Roger A. Brown (born May 22, 1942 in Brooklyn, New York) is a former professional basketball player. A 6'5" forward/guard from the University of Dayton, he played eight seasons (1967-1975) in the American Basketball Association, mainly with the Indiana Pacers. He scored 10,498 points in his career and appeared as am ABA All-Star four times. May 22 is the 142nd day of the year in the Gregorian calendar (143rd in leap years). ... This article is about the year. ... For other meanings, see Brooklyn (disambiguation). ... Basketball is very popular in U.S. colleges. ... University of Dayton The University of Dayton is a private Catholic university operated by the Society of Mary located in Dayton, Ohio. ... 1967 (MCMLXVII) was a common year starting on Sunday of the Gregorian calendar. ... 1975 (MCMLXXV) was a common year starting on Wednesday (the link is to a full 1975 calendar). ... The American Basketball Association (ABA) refers to two distinct professional basketball leagues. ... The Indiana Pacers are a National Basketball Association team based in Indianapolis, Indiana. ...
Roger William Brown was born on April 14, 1925, in Detroit, Michigan, into a family of four brothers, together with two sons of the elder brother, that, by the time he was ready for school, began to suffer from the economic distress of the depression.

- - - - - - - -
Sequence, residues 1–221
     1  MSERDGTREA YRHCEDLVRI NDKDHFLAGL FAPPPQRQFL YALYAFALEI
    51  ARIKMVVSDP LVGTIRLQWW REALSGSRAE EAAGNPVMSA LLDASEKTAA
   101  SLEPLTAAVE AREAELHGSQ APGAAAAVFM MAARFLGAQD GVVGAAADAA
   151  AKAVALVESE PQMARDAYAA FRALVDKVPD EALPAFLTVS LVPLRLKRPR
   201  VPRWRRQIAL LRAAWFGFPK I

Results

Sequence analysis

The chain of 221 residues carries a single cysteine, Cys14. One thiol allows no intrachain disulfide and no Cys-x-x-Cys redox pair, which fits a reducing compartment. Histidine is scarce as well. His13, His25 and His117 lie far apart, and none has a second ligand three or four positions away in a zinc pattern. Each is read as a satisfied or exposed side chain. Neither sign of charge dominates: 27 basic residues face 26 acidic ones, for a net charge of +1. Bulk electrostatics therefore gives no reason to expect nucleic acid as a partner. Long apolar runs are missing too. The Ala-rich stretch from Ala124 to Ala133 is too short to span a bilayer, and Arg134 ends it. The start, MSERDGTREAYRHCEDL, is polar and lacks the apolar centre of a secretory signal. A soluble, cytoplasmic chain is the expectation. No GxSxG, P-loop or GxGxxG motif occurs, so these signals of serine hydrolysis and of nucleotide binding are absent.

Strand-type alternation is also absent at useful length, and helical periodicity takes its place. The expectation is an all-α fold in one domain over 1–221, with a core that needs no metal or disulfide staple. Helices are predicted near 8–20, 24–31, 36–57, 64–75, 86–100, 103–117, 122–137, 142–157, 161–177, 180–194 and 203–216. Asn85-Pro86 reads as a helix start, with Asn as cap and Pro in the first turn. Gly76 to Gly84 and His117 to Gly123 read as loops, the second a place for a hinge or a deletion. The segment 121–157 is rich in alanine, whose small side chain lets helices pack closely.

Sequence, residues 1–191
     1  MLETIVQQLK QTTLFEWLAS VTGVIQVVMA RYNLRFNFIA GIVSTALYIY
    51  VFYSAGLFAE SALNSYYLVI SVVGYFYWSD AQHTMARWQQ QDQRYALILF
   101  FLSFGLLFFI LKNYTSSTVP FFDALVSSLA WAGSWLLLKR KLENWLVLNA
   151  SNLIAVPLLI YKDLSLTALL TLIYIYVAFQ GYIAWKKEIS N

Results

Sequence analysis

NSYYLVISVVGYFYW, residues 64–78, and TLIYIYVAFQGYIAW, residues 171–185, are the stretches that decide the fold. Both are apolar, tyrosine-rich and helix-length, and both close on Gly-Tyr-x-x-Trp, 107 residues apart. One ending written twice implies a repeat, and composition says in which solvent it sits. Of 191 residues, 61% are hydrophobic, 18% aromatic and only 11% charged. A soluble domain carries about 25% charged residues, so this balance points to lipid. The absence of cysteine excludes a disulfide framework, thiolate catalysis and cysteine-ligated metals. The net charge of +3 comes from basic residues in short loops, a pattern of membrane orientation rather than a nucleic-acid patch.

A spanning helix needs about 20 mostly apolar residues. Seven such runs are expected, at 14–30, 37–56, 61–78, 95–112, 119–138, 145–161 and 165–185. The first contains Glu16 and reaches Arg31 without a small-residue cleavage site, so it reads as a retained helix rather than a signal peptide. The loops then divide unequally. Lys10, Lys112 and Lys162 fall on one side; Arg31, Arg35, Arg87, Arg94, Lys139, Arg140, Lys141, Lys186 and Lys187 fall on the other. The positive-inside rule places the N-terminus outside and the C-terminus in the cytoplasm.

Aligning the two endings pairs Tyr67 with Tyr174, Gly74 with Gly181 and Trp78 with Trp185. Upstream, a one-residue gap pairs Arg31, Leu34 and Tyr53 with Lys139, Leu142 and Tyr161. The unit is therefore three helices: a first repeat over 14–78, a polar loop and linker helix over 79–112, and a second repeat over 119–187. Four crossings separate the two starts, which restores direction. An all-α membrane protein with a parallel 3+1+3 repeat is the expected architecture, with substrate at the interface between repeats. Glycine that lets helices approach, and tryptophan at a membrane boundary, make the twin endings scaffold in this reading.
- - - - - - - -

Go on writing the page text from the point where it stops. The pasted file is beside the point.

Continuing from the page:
Roger's friends were simultaneously puzzled and saddened by the honesty of this memoir and could not understand why he had chosen a confession that created impossible levels of dissonance in those who loved him most.
RogerBrown was a fellow of the American Academy of Arts and Sciences and was elected to the National Academy of Sciences in 1972.
The RogerBrown Study Collection is a kaleidoscopic environment of art, with works by Chicago Imagists and other contemporary artists, works by self-taught artists, folk art from many cultures, objects from material and popular culture, costumes and textiles, furniture, and other things that artist RogerBrown surrounded himself with for artistic inspiration.
Through the slide presentation guests are introduced to RogerBrown's artistic and architectural path, the context of the School of the Art Institute of Chicago and the city's artistic environment in the 1960s and 70s, and the relationship between Brown's collection and artistic practice.
Brown's residence and "Artists' Museum" collection is preserved as a house museum and is installed, as Brown left it, throughout the entire second floor.
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